Rhode Island’s largest city is still quite small compared to other metropolises on the East Coast. However, Providence’s compactness makes it easier to explore its unique personality.
Ever since the rebellious Puritan Roger Williams established Providence as a safe haven for religious dissenters, the city has retained a taste for individualism. Since former Mayor “Buddy” Cianci’s infamous “Renaissance” revitalization of the area in the 1990s, Providence has morphed into a stylish, creative city that offers a lively energy without the big-city vibe of Boston or New York.
While much of the city is walkable, taking an Uber or Lyft between different neighborhoods (such as Downtown, Olneyville, College Hill, and Fox Point) is often a bargain, especially worth it during the frosty months. No matter how you decide to explore the largest city in the smallest state, there’s a surprisingly diverse array of restaurants, independent shops, and nightlife options.
Federal Hill is the center of Providence’s Italian-American population, and its culinary offerings are some of the city’s best.One of the newest and most promising contenders is Massimo (134 Atwells Ave), a self-proclaimed “New World Italian” restaurant whose signature dishes include Fettuccine alla Carbonara, served with Guanciale and an egg, or fig and Gorgonzola pizza. The restaurant has a lounge and bar with a selection of wines from small Italian boutiques, which Massimo promises you’ll find “elsewhere”.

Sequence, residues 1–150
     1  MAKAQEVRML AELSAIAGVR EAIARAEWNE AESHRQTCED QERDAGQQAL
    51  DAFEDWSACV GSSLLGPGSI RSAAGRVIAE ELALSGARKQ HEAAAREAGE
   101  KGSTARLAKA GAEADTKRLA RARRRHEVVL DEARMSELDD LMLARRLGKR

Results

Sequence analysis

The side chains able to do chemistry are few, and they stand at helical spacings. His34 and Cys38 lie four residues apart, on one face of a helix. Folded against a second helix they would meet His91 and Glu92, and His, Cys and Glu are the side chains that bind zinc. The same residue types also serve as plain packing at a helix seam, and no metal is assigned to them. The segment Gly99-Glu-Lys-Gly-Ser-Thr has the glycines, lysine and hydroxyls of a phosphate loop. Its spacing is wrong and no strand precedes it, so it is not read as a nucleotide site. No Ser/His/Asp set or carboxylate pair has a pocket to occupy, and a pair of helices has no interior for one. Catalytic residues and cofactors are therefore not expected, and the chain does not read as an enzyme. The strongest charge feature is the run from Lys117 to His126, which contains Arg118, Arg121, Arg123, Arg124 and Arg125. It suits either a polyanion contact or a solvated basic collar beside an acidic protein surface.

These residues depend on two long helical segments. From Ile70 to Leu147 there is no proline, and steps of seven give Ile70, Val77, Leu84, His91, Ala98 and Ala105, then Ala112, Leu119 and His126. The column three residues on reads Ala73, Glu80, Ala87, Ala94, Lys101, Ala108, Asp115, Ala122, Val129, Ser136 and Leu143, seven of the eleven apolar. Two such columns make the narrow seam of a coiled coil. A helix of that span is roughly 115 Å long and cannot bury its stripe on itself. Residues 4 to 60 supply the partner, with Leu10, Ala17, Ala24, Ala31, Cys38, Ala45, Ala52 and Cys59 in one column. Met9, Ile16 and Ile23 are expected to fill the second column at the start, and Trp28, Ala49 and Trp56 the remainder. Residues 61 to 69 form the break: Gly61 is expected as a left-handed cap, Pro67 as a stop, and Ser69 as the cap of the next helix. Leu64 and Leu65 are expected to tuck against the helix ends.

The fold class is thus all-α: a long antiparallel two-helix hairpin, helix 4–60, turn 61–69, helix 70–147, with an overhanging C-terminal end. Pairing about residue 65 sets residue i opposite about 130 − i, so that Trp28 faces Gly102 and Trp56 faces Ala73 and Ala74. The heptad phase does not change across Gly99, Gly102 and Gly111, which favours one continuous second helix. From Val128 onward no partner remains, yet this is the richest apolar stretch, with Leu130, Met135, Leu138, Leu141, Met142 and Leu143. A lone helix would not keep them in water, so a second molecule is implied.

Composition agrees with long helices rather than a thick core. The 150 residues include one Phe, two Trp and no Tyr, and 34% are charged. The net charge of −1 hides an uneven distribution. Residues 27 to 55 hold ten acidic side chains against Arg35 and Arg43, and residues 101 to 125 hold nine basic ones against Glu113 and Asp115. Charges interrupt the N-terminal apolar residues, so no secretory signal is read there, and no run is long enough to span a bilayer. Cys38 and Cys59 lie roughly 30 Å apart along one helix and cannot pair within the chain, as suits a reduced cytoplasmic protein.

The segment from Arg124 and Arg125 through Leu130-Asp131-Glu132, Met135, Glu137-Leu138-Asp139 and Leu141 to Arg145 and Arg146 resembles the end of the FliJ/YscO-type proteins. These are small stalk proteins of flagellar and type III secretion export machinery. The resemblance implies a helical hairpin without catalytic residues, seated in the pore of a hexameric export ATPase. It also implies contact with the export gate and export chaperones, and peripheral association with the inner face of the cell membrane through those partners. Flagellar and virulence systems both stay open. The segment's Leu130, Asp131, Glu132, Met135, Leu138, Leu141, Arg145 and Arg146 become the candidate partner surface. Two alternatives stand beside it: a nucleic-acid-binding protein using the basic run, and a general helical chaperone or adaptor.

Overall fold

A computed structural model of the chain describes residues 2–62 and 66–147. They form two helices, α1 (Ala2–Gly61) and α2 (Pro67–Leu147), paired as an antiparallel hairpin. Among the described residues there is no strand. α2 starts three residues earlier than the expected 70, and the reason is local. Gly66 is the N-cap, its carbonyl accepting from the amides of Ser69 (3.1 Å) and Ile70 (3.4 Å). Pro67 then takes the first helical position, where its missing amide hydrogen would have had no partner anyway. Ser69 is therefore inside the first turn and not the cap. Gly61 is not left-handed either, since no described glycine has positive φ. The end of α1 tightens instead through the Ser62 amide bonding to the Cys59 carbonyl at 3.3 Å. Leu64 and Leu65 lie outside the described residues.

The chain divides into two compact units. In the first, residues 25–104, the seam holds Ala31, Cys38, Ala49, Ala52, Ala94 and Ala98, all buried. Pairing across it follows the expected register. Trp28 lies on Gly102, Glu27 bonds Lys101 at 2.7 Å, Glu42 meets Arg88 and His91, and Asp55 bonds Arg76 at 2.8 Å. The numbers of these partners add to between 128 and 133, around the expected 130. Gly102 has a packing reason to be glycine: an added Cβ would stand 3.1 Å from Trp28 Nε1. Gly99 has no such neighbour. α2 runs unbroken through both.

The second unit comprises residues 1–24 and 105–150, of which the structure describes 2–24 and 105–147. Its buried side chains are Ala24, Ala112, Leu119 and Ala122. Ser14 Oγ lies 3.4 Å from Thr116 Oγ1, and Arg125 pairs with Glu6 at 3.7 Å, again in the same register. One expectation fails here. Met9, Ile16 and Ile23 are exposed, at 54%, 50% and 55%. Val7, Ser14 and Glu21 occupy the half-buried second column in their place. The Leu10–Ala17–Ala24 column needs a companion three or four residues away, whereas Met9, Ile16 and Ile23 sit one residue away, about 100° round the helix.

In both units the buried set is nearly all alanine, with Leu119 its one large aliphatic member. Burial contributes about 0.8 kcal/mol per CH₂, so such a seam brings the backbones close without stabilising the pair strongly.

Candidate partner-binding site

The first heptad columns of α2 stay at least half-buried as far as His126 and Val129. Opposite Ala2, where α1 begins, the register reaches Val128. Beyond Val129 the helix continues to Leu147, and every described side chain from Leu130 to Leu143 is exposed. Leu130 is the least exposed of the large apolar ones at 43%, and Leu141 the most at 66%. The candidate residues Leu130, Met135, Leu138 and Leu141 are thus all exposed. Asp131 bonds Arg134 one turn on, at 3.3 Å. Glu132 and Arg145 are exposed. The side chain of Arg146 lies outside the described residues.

For something more sophisticated, head downtown to the New American restaurant birch (200 Washington St.). The four-course dinner is affordable and includes a variety of delightful dishes that have graced the pages of The New York Times and The Wall Street Journal. Diners may encounter some interesting combinations, such as broccoli with grilled clams, basil and mint; slow-roasted Vermont pheasant with turpentine, quince and bean paste; or collard greens marinated in cherry leaves and Vietnamese parsley and served with apples and cream cheese.
Looking for seafood in the Ocean State? French bistro Loie Fuller’s (1455 Westminster St) has a concise menu with standard nautical fare, like pan-seared scallops in a tomato vinaigrette. The standout, though, may be the moules-frites, a savory pairing of classic mussels and fries (available at a discount on Monday nights). If molluscs aren’t your thing, the wine list is pretty long, too, and steaks are popular.